Amanda (44:48.736)


Cassidy (44:52.166)

I think I had to...

start believing that I was skilled and capable enough to deliver for my clients. I think I struggled a lot with feeling like since I wasn't an expert at every aspect of website design, because that's my specialty, because I didn't know how to fully code a website or I didn't know every single website builder or you know the terminology out there. There are a lot of like, I say this in

Cassidy (45:26.076)

both in real life and online who will, you know, talk down to you a little bit sometimes, especially as a woman, I think. And that would get to me when I was younger and I would feel like, man, maybe I don't know what I'm doing. Maybe I'm not offering enough value to my clients. But I've had a real mindset shift in the way that I've realized that there are so many web design and design specialties, just in general, and no one is doing it all.

We all have learned and honed our specific skill, whether that be like your approach to it, the services you offer, the platform you specialize in, and that's really what makes you attractive and provide so much more value because you are specialized in that. So.

I feel a lot more confident now, I think, because I don't feel like I'm not good enough to offer what I'm doing. I feel really confident in it because, number one, you know, there's been time and I've been able to hone that skill, but I've also just talked to a lot more people and been in a lot more communities with other designers and realized that, oh yeah, we're all specializing in our own things and that's actually a great thing.

Amanda (46:37.768)

Yeah, I'd say for me, I think a big thing that I struggled with at the start was like just showing up online and being myself. Like it kind of, and I still struggle to an extent.

And I think all of us kind of have like our business persona in a way, like you, you don't show your full self online, right? Like only your closest people in your life know the full version of you. But I think at the start, I was really afraid of like having my, like showing my own personality. I kind of thought I had to have like a bigger bubblier personality to be online. And you can kind of see that if you go back on my Tik Tok and like scroll down to the beginning, I kind of did have like more of just an over overly bubbly kind of like vibe that I was trying to portray, cause I was just like, that's what

to see on TikTok, I don't know. And but it wasn't really me, like I'm just, I'm a very chill like, like I said, just chill baseline person all the time. I'm not like super bubbly or whatever. So yeah, I think just like learning that it's okay to be myself and like present myself as I am online was like a huge mental shift. And it's something I'm still of course working on. Because being online in front of strangers is always going to be a little scary. But I'm getting better at it.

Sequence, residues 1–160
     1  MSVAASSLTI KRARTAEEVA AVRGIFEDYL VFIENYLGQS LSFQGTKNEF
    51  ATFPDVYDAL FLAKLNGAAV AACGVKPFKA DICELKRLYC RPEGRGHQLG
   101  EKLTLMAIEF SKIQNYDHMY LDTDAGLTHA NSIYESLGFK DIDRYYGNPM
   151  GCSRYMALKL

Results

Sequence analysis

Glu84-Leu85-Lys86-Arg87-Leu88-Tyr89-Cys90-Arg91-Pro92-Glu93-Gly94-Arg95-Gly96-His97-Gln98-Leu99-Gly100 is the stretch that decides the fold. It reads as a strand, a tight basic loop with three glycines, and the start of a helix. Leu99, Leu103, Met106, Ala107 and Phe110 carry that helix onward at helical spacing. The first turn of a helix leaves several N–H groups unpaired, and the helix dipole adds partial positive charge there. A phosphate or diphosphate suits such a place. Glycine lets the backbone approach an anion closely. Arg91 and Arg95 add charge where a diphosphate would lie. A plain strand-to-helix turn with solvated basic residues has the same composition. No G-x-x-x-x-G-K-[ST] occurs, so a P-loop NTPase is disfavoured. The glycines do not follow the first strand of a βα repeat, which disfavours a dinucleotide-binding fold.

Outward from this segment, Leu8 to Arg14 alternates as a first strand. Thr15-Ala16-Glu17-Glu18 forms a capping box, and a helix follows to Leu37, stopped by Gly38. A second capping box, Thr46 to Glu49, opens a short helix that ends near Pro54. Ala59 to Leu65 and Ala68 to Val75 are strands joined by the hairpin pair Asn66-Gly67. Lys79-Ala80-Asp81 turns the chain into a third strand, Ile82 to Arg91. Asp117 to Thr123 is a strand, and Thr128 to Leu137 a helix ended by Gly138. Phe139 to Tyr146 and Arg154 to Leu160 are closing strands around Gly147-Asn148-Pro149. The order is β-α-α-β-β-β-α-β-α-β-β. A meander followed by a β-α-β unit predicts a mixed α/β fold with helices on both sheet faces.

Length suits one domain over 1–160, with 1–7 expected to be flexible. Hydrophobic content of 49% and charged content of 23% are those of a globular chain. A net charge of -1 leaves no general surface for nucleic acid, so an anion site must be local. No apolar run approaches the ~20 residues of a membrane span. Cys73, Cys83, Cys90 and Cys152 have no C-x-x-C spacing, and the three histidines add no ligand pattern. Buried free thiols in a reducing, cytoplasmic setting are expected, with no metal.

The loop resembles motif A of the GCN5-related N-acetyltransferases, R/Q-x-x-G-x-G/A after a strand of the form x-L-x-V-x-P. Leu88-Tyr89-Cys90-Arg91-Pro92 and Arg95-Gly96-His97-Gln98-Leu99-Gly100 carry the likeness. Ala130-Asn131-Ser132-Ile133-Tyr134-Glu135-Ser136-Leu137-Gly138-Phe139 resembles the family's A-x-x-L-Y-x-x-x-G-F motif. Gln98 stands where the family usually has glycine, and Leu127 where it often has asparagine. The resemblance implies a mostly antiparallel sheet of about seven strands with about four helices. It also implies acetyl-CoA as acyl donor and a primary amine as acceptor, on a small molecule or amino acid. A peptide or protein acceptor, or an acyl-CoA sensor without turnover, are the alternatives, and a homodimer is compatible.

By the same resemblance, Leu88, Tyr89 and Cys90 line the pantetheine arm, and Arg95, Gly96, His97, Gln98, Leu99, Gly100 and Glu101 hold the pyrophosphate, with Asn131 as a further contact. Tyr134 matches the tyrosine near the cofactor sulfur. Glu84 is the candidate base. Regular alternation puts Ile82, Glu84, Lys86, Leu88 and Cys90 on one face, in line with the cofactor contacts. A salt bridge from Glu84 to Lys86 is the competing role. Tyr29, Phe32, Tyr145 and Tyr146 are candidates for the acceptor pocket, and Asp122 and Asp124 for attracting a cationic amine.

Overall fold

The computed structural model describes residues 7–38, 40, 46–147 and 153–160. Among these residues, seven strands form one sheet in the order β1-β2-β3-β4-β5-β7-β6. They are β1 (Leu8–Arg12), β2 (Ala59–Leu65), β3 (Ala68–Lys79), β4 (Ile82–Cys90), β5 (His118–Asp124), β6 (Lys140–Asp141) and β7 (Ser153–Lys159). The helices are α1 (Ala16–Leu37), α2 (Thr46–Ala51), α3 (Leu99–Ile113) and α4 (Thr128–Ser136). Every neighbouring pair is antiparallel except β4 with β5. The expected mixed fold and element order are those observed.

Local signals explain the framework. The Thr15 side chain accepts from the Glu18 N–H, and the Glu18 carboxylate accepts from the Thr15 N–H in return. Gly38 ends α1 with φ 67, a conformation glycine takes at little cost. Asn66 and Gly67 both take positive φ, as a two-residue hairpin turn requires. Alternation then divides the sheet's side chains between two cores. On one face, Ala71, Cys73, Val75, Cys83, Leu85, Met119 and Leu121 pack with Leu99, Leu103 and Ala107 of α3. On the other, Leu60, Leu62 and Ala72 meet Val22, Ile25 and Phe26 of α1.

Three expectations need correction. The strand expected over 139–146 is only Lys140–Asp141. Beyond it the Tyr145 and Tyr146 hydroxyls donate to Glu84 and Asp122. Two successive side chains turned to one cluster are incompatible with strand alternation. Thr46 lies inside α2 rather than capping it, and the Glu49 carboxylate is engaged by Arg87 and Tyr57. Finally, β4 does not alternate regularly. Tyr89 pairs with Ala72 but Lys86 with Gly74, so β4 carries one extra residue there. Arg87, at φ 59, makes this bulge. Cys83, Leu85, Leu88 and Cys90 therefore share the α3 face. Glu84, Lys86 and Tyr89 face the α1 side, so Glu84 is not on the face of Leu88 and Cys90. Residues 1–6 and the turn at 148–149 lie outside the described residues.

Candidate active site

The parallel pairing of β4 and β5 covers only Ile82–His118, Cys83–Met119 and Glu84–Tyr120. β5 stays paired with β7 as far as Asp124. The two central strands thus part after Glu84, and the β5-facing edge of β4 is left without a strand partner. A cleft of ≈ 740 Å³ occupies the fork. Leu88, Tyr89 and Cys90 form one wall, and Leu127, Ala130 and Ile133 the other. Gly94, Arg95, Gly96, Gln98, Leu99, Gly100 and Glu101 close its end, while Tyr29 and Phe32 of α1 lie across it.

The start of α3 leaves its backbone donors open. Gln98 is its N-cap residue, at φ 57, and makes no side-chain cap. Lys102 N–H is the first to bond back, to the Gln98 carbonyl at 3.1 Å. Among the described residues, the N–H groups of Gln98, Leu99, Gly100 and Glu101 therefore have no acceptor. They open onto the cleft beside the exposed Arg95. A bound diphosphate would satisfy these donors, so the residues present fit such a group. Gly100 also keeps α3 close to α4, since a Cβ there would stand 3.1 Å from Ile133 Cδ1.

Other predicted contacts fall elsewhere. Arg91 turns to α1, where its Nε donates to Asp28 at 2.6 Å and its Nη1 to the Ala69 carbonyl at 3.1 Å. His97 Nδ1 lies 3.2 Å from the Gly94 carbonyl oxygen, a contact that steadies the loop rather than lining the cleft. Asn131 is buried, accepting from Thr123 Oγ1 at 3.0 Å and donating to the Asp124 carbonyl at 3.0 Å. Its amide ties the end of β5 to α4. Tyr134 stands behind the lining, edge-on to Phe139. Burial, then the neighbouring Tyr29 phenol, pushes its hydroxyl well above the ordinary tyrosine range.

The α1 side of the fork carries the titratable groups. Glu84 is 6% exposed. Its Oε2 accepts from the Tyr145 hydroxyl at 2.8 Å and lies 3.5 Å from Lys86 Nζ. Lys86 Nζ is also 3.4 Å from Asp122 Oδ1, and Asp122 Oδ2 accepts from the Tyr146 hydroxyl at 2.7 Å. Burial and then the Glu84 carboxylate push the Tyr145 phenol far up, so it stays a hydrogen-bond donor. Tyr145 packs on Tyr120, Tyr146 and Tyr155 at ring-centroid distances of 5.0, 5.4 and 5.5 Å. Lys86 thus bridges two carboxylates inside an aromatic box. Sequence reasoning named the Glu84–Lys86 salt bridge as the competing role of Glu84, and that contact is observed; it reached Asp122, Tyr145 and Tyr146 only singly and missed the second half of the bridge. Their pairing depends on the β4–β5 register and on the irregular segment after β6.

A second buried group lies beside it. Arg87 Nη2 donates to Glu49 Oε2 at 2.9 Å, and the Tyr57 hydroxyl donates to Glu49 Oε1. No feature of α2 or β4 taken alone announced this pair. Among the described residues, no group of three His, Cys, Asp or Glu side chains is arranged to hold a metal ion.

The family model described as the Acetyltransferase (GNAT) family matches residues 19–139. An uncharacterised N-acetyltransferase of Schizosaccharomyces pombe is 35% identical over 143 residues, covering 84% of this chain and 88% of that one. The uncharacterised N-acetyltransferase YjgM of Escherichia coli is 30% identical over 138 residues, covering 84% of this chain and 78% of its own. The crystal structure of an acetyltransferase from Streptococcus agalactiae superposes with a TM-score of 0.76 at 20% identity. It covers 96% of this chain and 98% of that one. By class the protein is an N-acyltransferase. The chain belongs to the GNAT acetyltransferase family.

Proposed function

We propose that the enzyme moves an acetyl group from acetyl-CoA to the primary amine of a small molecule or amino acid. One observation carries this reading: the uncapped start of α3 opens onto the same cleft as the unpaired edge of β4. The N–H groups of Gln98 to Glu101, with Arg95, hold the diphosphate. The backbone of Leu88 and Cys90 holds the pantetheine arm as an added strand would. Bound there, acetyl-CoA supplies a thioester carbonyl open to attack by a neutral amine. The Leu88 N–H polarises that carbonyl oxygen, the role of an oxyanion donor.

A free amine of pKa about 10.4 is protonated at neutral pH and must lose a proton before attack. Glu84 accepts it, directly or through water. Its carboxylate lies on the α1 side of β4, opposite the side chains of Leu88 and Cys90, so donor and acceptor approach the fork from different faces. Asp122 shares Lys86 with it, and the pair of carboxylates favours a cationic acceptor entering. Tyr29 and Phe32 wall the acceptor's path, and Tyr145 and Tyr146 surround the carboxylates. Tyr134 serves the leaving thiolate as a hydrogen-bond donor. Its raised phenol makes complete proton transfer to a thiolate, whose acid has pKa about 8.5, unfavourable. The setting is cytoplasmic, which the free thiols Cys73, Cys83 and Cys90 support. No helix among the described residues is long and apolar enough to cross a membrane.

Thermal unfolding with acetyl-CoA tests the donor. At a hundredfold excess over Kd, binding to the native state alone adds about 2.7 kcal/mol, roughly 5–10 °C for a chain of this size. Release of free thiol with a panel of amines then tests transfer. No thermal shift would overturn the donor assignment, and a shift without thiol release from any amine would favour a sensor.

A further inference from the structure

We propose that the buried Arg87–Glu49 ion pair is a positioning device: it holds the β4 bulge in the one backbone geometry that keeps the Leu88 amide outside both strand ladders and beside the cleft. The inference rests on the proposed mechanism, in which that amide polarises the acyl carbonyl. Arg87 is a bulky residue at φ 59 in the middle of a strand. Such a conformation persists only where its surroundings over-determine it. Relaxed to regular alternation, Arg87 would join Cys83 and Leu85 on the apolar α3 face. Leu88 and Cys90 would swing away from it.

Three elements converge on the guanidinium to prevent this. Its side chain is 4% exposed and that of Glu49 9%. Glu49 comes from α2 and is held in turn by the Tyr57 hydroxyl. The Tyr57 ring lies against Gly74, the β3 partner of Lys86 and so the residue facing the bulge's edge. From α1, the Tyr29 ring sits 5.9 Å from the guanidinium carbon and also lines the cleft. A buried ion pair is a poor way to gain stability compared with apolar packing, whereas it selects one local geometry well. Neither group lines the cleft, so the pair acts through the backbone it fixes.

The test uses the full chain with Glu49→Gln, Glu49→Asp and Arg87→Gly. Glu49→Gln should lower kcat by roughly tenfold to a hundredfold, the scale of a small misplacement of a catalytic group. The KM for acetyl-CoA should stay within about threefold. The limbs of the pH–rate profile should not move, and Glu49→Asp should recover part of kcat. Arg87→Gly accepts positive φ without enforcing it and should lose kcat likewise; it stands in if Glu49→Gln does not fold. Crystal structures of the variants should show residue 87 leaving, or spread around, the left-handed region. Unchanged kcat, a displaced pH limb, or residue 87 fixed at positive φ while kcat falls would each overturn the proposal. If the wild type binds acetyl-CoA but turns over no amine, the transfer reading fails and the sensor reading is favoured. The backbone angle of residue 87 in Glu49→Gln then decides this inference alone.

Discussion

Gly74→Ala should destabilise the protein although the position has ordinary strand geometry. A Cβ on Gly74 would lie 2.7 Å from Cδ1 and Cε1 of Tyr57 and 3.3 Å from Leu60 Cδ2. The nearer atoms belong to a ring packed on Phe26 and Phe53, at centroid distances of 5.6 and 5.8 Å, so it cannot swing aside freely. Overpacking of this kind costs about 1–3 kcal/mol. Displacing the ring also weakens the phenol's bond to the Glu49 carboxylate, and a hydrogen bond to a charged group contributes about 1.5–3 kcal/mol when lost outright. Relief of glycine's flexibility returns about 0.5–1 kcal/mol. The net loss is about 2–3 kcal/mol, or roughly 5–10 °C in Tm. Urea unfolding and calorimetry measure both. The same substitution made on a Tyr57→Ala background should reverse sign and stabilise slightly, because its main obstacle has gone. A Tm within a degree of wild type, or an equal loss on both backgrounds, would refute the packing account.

Cassidy (47:44.57)

It takes time. It's not going to happen immediately. Like, it's going to take a lot of making videos and just practicing. So you just have to start doing it, and you will find, I think, your online presence and personality as you do it.

Amanda (47:51.318)

Thank you.

Amanda (47:56.81)


Shannon Mattern (47:58.886)

So good. I hate to have to wrap this up. Can you share it with everybody where they can go to connect with you, learn more about you, get their hands on the templates, all the things.

Amanda (48:02.63)

Thank you.

Amanda (48:11.112)

Yeah, so you can find all of our templates and resources. We've got courses, free downloads, free blog posts, all that on our website at We're also on Instagram at foxtrotbranding and then we both have TikToks. Mine is amanda.foxtrot. Cassidy, what's yours again?

Cassidy (48:29.682)

Mine is Cassidy.FoxTry. So yeah. Mm-hmm.

Amanda (48:30.892)

Cassidy, okay, you changed yours at some point. So I was making sure. But yeah, we both kind of talk about our own, you know, unique skills on there. She talks about web design. I talk about brand design on my TikTok. So you can find us there too.

Shannon Mattern (48:44.09)

Awesome. Well, thank you both so much for being here. I'll link up everybody, everything we talked about in the show notes, everybody listening, go connect with them, check them out. And yeah, thank you so much. I really appreciate it.

Amanda (48:57.984)

Thank you so much for having us. It's been great.

Cassidy (48:59.202)

Thanks Shannon, we really appreciate it.


I help ambitious women web designers reclaim their time, book web design projects they love, and make more as a freelance web designer than they ever thought possible.

I created the Web Designer Academy to give you everything I wished I would have had when I started freelancing:  step-by-step processes and fill-in-the-blank templates for your messaging, marketing, packages, consultations, sales and project management combined with next-level support so that you have everything you need to create a consistently profitable web design business doing work you love for clients you love.